A few weeks ago I bought some farmed trout from Kolapore Springs Fish Hatchery at the 100 Mile Market. I've been buying farmed trout regularly since moving up to Georgian bay, but this particular trout really made me sit up and say, "WOW!"
Consequently, on Saturday we got up early and drove out to visit the hatchery from whence it came. They are located
After gingerly driving down the road, still covered in about 8" of hard packed and rutted ice, we met with Bruce Green and Lily (above) for a tour.
Winter had by no means given up its grip on the area, although Bruce noted that with another day or two of mild weather, he expected the black flies to be out in force. I couldn't help think we had come at just the right time!
The hatchery building is a modest, even slightly ramshackle looking cement block structure with a tin roof. It was build in 1962 and ran until 2006 under the original owners. The next generation didn't really want to farm fish though, so in 2008 Bruce Green and Sean Brady bought the operation, and began again basically from scratch. There were only a handful of fish remaining in the ponds. As of April, the hatchery has been in operation again for 2 years.
Their original plan was to sell trout to stock ponds, then start selling to restaurants, but the restaurant sales picked up very quickly. They too, were most impressed by the quality of the fish.
It turns out this is a very special spot for raising trout. Trout need clean, constantly moving water. The water comes from 2 springs about 400 metres further up in the woods. The water flows down, partly underground and partly through beds of wild watercress. By the time they reach this little series of dams, the water is rich in silt and nutrients and tiny wild fairy shrimp.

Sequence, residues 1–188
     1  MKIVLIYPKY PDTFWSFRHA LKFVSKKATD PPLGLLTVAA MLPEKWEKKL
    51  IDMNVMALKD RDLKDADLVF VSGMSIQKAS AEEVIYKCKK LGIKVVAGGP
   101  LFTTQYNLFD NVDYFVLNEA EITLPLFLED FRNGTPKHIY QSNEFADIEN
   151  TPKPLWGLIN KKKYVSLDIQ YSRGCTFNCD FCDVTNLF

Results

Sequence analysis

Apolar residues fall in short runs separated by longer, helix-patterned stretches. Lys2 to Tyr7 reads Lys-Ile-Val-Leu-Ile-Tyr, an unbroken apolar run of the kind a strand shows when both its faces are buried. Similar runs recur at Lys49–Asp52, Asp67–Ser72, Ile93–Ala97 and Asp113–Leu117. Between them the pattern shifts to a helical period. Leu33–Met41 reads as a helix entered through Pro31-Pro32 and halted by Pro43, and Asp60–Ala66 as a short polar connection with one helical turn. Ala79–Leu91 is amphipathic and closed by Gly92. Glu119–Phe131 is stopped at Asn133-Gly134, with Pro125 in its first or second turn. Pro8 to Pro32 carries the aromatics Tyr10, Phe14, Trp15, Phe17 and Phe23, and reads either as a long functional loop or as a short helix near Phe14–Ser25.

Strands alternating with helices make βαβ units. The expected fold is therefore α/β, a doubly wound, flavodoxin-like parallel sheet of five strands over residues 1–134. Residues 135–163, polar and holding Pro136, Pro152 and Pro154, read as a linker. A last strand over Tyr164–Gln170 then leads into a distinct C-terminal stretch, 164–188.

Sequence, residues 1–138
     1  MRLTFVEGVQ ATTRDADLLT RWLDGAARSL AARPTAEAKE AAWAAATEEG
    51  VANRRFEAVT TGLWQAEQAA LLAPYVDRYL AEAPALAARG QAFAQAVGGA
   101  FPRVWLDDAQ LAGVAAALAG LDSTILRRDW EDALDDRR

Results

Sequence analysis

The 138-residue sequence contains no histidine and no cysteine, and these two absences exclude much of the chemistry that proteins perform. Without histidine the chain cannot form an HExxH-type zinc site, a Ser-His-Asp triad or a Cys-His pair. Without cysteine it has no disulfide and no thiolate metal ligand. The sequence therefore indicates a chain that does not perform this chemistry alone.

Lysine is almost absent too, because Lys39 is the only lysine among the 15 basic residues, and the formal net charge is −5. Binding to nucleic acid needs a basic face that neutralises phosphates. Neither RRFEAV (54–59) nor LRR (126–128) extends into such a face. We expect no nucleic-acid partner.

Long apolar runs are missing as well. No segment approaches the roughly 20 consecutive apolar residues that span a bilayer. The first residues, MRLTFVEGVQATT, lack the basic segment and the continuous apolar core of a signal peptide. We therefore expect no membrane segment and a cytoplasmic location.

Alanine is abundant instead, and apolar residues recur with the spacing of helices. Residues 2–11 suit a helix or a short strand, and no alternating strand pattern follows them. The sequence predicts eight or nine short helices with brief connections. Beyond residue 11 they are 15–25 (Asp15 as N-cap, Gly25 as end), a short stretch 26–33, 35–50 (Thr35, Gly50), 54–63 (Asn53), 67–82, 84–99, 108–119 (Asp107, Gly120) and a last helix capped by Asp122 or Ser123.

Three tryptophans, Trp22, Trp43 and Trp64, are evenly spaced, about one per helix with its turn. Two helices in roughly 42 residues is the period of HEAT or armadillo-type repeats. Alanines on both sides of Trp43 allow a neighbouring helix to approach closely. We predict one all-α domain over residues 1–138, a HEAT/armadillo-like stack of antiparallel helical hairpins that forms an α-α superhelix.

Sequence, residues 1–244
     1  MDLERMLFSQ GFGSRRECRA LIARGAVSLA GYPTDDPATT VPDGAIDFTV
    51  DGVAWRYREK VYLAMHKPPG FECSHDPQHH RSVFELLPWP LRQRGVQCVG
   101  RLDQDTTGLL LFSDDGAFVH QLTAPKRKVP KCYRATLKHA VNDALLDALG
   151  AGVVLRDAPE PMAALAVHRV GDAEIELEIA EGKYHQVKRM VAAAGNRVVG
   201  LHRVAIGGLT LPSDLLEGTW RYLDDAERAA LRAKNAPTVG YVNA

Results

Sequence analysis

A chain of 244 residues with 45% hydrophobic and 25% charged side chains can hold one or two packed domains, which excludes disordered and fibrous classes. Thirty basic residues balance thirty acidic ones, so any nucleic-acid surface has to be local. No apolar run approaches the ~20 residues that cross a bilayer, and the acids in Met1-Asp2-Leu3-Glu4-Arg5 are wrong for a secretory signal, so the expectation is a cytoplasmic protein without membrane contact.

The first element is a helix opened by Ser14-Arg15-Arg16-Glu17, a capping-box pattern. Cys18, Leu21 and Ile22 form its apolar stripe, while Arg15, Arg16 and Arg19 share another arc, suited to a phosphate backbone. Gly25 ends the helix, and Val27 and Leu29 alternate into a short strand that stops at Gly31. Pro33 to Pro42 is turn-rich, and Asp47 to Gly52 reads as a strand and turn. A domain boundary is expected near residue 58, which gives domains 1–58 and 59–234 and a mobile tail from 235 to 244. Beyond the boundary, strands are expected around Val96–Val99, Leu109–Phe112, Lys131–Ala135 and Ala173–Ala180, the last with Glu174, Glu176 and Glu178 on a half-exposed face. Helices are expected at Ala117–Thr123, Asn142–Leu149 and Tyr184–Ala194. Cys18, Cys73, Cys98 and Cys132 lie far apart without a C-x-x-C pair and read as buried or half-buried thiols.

Some of the water continues to flow out to the small lake that the hatchery is on, but much of it is diverted through the hatchery.
The lake was still fairly frozen on parts of the surface when we were there, but various pairs of Canada geese were starting to set up housekeeping.
Fish start with eggs. It's important to select the breeding fish and keep them safe and secure while they spawn, or the eggs will likely be lost. I was surprised to learn that there are particular individual fish kept specifically for breeding, just as with other farm animals. Unlike salmon, trout don't die after spawning. Breeding fish can be kept for 8 years or so. Each of those little trays holds about 4,000 eggs.
Once the eggs are ready, they are kept in fine mesh trays until they hatch. When they can rise to the surface they become "swim-up fry". This happens when they are several days old, and have completely absorbed the nutrients from their egg, and need to begin eating on their own.
You can see water trickling into the table-top tank in the top right hand corner. It ran out the other end with the same steady trickle. The whole indoor part of the hatchery had the scent, sound and air quality of a shady forest stream bed. It was a surprisingly pleasant place to be.
The spring water, as I mentioned, is full of nutrients. This actually has a downside, especially in the spring when it is particularly strong. The high nitrogen can lead to the fish getting fungal infections in their gills. When this happens, Kolapore Springs does not treat them with antibiotics or formaldehyde, which are often used for this elsewhere. Instead, the fish are treated with iodine, or a very weak chlorine solution. (1 1/2 teaspoons to a tank).